It’s tempting to give up on exercise when you experience pain in your joints.  After all, you don’t want to make it feel worse. Here’s a great workout from Stephen Macconville, the Joint Pain Programme Director at Nuffield Health that is clinically devised for use by people with joint pain. These six basic exercises each have a progression and a regression (18 exercises in total), to suit your individual level of fitness.

Feel free to contact me for more details of workouts that will suit you. I offer personal training and one-to-one sessions where we can build a tailor made workout that is perfect for you.

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Four health hacks that will change your life

Dr Rangan Chatterjee is a physician, author, television presenter and podcaster. He is probably best known for his TV show Doctor in the House and for being the resident doctor on BBC One’s Breakfast Show. Here I am sharing his article that was recently featured on BBC Radio 5 Live where he shares his philosophy about the ‘four pillars of health’: food, movement, sleep and relaxation.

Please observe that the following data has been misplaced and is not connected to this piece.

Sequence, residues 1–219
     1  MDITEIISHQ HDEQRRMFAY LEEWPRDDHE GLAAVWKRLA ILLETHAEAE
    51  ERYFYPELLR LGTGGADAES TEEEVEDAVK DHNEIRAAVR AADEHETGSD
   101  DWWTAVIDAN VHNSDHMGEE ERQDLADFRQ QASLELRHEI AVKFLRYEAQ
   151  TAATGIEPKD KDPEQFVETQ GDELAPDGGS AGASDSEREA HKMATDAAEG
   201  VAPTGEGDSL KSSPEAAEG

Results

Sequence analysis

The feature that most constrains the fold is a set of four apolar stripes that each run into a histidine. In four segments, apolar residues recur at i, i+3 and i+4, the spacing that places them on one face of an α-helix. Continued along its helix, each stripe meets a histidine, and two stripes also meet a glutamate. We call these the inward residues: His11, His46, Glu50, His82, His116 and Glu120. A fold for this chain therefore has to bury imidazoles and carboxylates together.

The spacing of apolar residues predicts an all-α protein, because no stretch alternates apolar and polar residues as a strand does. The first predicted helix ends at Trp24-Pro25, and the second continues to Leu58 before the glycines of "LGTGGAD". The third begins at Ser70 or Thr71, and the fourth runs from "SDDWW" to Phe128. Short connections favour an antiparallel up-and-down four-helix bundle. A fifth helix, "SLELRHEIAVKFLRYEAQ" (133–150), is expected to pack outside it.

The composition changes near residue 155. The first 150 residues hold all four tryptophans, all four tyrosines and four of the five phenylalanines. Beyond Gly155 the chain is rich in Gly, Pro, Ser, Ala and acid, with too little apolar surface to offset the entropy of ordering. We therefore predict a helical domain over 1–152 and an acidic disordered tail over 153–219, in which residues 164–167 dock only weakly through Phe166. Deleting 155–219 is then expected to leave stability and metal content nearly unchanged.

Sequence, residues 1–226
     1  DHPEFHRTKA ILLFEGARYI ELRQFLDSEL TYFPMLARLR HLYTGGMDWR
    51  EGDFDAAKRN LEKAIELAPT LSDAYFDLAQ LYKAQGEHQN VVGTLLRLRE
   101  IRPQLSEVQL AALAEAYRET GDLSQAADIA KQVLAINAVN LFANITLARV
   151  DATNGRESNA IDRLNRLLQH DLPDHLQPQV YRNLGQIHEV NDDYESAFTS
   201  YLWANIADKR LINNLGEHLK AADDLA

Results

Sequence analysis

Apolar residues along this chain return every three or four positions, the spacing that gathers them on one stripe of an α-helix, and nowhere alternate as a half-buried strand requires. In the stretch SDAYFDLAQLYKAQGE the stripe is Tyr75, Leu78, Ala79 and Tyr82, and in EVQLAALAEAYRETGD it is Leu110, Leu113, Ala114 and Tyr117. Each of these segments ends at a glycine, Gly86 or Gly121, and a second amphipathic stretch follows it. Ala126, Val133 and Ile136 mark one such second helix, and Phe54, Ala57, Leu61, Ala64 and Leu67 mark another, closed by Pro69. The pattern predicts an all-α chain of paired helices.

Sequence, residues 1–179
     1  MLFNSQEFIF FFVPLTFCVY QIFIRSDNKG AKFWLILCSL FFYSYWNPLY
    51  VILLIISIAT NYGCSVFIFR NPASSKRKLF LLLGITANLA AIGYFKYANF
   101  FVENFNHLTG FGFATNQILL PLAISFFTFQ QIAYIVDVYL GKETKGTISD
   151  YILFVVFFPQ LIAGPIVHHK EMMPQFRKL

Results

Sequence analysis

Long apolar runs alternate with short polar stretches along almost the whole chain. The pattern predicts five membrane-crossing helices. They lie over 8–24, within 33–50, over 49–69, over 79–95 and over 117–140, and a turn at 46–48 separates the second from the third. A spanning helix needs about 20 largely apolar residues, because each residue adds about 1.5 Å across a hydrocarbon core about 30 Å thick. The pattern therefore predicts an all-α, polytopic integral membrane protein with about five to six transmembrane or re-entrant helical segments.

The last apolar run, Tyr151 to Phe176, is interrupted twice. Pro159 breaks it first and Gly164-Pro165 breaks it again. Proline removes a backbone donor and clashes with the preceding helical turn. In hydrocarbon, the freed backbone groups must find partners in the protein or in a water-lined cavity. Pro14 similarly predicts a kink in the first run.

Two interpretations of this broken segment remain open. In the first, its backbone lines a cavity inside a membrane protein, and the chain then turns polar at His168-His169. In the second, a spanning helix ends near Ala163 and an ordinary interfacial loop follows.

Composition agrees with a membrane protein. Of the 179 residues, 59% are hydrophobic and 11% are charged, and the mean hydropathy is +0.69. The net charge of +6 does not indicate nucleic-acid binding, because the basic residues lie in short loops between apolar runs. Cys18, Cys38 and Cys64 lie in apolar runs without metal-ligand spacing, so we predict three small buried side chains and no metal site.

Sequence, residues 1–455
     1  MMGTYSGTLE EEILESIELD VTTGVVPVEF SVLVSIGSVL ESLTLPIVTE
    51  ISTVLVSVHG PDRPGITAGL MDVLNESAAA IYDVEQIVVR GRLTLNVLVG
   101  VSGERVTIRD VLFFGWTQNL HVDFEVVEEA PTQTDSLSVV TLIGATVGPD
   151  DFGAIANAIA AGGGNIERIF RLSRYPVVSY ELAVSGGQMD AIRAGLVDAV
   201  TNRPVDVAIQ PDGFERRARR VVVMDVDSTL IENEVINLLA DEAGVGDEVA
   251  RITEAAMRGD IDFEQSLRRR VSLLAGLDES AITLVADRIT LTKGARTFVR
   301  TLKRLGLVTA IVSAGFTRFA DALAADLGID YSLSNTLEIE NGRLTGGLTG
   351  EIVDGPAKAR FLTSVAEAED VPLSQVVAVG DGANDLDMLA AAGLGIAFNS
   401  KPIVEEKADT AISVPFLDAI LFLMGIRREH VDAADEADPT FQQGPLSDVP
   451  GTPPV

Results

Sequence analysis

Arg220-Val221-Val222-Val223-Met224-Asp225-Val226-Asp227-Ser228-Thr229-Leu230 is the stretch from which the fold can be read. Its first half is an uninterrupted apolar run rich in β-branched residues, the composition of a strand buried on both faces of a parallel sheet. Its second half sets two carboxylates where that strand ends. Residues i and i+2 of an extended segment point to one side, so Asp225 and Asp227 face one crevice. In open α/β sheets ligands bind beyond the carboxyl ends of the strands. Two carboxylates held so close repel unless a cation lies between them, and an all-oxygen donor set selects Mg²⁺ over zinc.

Every part our body affects pretty much every other part. By making small, achievable changes in the four key areas of your life, you can create and maintain good health – and avoid illness. What matters most is balance across all the things you do.

The twelve hour eating window

If changing your diet and cutting foods out seems intimidating, Dr Rangan suggests an easier option: eat all your food within a 12 hour window. “Can you get more benefits if you go stricter? Yes some people might be able to! But I say if you can do 12 hours a day, tick it off, and move on to another recommendation. Try and get that balance.”